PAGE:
Competitions lined up at double for Southern Knights

Southern Knights are getting ready to spring back into action now the format for the coming Fosroc Super6 rugby season has been revealed.

By Darin Hutson
Friday, 18th February 2022, 9:56 am
Updated Wednesday, 23rd February 2022, 7:31 am
Iain Moody on the charge for Southern Knights during their 2021 Fosroc Super6 final defeat by Ayrshire Bulls at the DAM Health Stadium in Edinburgh in mid-October (Photo by Ross Parker/SNS Group/SRU)
Iain Moody on the charge for Southern Knights during their 2021 Fosroc Super6 final defeat by Ayrshire Bulls at the DAM Health Stadium in Edinburgh in mid-October (Photo by Ross Parker/SNS Group/SRU)

Proposals to expand the semi-professional competition to take in other teams outwith Scotland have been dropped and the Melrose-based team – last season’s table-toppers, though not champions – will again be part of a six-strong competition.

The Borderers’ opponents, as in the last two seasons played, in 2019 and 2021, will be Ayrshire Bulls, Boroughmuir Bears, Heriot’s, Stirling County and Watsonians Rugby.

Two competitions are being lined up this year rather than just the one contested previously, plus a one-off match harking back to Scotland’s old district championships.

The first, starting in mid-April, will be the Fosroc Super6 Sprint Series and it will be followed in late summer by the Fosroc Super6 Championship.

The first will see all six teams playing each other once and a league will then be formed, with the top three teams playing the bottom three over three weekends of play-offs to determine final placings.

A one-off match between teams representing the east and west of Scotland will follow.

Players from Southern Knights, Heriot’s and Watsonians will join forces to represent the east, and they’ll be up against a western alliance picked from Ayrshire Bulls, Stirling County and Boroughmuir Bears’ squads.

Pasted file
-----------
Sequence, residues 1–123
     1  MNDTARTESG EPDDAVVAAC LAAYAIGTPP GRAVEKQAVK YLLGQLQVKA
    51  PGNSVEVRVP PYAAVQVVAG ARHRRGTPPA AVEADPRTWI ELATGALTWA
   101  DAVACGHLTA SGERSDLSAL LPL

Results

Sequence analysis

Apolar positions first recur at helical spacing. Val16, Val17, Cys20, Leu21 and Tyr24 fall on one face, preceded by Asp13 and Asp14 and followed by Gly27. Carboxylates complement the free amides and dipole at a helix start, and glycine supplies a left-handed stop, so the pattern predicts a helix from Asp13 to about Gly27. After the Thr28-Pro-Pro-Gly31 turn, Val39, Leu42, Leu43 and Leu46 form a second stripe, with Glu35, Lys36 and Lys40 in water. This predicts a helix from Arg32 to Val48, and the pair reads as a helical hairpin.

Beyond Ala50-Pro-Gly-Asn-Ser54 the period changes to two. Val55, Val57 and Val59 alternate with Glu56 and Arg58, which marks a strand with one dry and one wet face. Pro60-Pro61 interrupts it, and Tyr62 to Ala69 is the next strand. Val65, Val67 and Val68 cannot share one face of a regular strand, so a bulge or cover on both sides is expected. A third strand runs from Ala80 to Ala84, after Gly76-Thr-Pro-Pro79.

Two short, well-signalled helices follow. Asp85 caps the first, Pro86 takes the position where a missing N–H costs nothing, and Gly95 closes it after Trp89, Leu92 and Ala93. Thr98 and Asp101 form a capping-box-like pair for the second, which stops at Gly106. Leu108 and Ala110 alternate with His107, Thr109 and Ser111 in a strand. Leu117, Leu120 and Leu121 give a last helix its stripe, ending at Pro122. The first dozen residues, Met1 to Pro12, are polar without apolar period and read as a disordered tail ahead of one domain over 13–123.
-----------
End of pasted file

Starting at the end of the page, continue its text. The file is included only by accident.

The championship proper, won last time round by Ayrshire Bulls, will kick off in early August, with every team playing each other twice, followed by play-off semi-finals and a final.

Over the course of 2022, teams will play up to 20 competitive fixtures.

Due to all the home rugby unions still being wary of the Covid-19 pandemic, a planned cross-border contest has been shelved.

As in previous years, five Scottish Rugby Academy contracted players will be allocated to each of the six clubs alongside training full time at either Edinburgh or Glasgow Warriors.

Ayrshire Bulls became the first ever Super6 champions in October by beating Southern Knights, with Rob Chrystie as head coach at the time, since replaced by Bruce Ruthven, 26-16 in 2021’s final in Edinburgh.

All six teams will be given funding by Scottish Rugby to recruit full-time general managers.

Scottish Rugby performance director Jim Mallinder said: “The Fosroc Super6 made huge developments on the field last year.

“The type of game that was able to be played in the late summer window is conducive to developing players in line with the speed and intensity that the professional game is played at.

“To now have two windows in which to play Super6 rugby, the spring and late summer, is hugely beneficial in helping players develop and prepare better for a professional rugby environment.

“For Super6 players to have the opportunity to play between 17 and 20 competitive games full of intensity and physicality is what was always planned for Super6.

“The aims and objectives of Super6, to bridge the gap between the amateur and professional game, have not changed since its inception.

“I’m really pleased that we have been able to allocate existing funding to each team in support of the general manager roles.

“Whilst we’ve previously invested on field, we now feel that the time is right to support and invest in the teams off field within budget.

“The general managers at each of the teams will be responsible for developing and improving all off-field activities, prioritising commercial expansion and overseeing the marketing and communications strategy for each of their teams.

“We believe that by doing this, the teams and clubs will become more sustainable and able to create better environments more like the professional rugby game.”